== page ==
Taking the High Road

Unlike the year 2024, which still has that new car smell, the Jewish year 5784 is more than a quarter way done. Yet, a piece of advice from that Jewish celebration is resonating with me: Be the tail of a lion rather than the head of a fox. Phrased in less poetic language, this recommends surrounding oneself with those who are greater than you.

This week I received lessons from two admirable women. One, whom I am proud to call a friend, has poured her heart and soul into helping a foster child who desperately needs her love and attention. Meanwhile, the officious government bureaucrats who have oversight power over this child remain wedded to their own ideas of what should be done, adamantly refusing to look at the specific youngster involved and how he is flourishing under my friend’s care.

Years ago, while wandering the stacks in our regional library, I came across a charming book depicting a couple who welcomed foster children into their home in the 1950s. Their city’s rules decreed that foster children have a room of their own, a ‘perk’ that the children who joined their family viewed as a punishment. These foster children joyously shared bedrooms with the family’s birth children, and when a social worker visit was scheduled, everyone ran around moving beds and belongings.

My friend’s case is not resolved so simply. The burdens that the officials place on her are onerous. The negative vibes they beam at her are unpleasant. This week, the latest piece of wisdom I learned from her (one of many she has modeled over the years) is based on her struggle to view the bureaucrats with compassion rather than dislike. They are handicapped by their inability to see outside the narrow box in which they have been trained and immersed. She feels sorry for them rather than angry at them.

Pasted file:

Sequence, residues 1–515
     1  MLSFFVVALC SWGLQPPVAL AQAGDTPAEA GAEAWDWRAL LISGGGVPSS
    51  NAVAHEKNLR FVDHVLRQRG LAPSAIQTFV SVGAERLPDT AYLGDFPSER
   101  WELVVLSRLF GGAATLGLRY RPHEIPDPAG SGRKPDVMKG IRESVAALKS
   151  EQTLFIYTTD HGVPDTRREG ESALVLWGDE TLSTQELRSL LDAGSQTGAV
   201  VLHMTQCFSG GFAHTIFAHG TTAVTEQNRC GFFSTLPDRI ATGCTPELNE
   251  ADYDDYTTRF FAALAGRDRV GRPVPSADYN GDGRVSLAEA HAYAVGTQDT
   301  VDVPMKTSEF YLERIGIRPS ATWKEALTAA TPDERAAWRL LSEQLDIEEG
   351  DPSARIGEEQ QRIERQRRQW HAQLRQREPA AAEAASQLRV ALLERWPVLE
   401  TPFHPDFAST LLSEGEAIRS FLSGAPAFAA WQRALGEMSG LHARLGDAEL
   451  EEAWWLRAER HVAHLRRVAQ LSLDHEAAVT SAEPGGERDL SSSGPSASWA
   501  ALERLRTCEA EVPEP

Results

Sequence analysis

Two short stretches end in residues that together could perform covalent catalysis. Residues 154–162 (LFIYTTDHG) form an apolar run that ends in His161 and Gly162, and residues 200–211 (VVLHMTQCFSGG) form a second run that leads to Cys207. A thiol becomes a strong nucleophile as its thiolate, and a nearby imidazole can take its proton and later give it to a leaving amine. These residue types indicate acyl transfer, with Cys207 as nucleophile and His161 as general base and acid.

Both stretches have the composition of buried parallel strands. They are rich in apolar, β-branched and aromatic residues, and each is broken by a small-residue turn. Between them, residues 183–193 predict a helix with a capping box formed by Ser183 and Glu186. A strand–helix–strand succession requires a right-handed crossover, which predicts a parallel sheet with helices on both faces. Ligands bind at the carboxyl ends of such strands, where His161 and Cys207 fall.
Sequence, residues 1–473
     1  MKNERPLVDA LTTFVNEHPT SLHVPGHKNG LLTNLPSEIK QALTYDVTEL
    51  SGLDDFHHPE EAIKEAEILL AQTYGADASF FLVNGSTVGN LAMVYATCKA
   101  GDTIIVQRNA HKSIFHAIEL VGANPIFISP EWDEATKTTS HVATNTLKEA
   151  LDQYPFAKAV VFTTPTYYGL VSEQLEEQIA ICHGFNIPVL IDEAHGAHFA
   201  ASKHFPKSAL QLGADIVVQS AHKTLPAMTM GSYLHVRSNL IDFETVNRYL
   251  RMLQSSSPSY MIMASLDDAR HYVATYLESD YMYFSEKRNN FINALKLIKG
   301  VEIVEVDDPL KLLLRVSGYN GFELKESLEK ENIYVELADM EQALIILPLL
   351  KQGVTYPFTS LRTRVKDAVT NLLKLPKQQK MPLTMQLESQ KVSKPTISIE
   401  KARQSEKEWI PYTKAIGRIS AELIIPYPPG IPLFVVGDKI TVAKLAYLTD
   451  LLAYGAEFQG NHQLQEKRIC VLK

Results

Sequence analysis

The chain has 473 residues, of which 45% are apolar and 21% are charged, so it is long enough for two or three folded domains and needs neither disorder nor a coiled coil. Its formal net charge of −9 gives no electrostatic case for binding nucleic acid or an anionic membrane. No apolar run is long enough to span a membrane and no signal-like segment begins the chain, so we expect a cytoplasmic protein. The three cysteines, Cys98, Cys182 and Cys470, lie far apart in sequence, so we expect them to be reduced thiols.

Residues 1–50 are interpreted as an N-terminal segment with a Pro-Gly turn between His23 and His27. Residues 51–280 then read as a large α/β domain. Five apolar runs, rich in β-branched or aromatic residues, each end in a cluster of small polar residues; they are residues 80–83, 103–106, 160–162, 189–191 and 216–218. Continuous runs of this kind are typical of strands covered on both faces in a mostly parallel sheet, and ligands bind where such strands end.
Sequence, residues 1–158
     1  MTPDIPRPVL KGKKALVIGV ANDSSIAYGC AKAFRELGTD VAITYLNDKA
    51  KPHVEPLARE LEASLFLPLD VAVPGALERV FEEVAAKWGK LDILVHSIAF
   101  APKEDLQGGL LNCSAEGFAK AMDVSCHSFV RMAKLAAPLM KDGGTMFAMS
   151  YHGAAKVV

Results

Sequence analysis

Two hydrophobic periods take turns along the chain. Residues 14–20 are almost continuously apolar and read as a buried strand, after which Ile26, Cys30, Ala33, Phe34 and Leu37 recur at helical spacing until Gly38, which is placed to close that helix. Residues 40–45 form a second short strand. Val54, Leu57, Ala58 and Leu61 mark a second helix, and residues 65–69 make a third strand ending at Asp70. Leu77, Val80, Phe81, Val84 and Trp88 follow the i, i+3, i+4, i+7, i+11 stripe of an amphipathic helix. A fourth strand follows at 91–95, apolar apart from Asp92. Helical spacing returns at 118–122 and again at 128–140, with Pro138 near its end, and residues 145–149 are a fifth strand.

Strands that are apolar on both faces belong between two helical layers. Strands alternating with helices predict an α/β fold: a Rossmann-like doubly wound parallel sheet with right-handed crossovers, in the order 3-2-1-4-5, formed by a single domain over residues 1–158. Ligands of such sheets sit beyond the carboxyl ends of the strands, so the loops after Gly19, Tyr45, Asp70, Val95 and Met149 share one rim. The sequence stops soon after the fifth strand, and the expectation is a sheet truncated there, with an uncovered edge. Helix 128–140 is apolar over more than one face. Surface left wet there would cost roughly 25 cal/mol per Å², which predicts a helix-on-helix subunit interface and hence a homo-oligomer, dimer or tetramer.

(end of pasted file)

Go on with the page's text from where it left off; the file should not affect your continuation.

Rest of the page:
This magnanimity is shared by the protagonist of the second of my stories. Since she has no idea who I am and since I have never met her, Abigail Shrier does not fall into the friend category – yet. Nonetheless, I admire her work and her willingness to speak the truth regardless of the consequences or who might react angrily. While I eagerly await her book Bad Therapy: Why the Kids Aren’t Growing Up, and appreciate her previous very important book Irreversible Damage, it was her New Year’s blog post that chastised me.


For years, Abigail has observed, written, and acted against the damaging consequences of the progressive Left. Like many of us, she is watching as a number of liberals who were blind over the past decades wake up as a specific issue forces itself into their vision. It might be women being chased out of sports and children being mutilated, the celebration of anti-white racism, or the despicable inability of college presidents to condemn calls to murder Jews. Whatever the specific spur, suddenly enlightenment is striking some who didn’t realize the evil of ideas that they inadvertently supported and had a hand in strengthening, in the past.

These ‘stars dropping from the eyes’ moments frustrate many of us. They do not come with apologies to those of us who were branded as racist, xenophobic, sexist, etc., etc., for years, sometimes facing personal attacks and economic consequences. They do not come with an acknowledgment of gratitude to those who saw further down the road years ago and have been actively fighting bad ideas and movements. Sometimes, they are focused on one issue only, and the newly converted still reveals contempt for the views of those of us who see a bigger picture.

The natural, human response is to want to shout out, “I’ve been telling you this for years!” It is to hold a certain amount of resentment for the latecomers who, after all, have been part of the problem. Abigail’s post urged us to keep an eye on the finish line and take the high road. If warriors, many prominent, articulate, and with resources are joining the fight, shouldn’t we warmly welcome them? Yes.

So, while I have never made a New Year’s resolution, perhaps I will do so this year. Can I follow these women’s examples and be a bigger person? Too much is at stake to take refuge in pettiness.

This Musing is dedicated in memory of Edna Malkamo, age 45, who was killed by Hamas terrorists on October 7, 2023, as she drove home after a night shift as a therapist. Her husband and three children, ages 11, 14, and 15 survive her. Born in Ethiopia, she moved to Israel in 1991.

And with prayers for the safe return of all the kidnapped hostages and among them Yoram Metzger, age 80.


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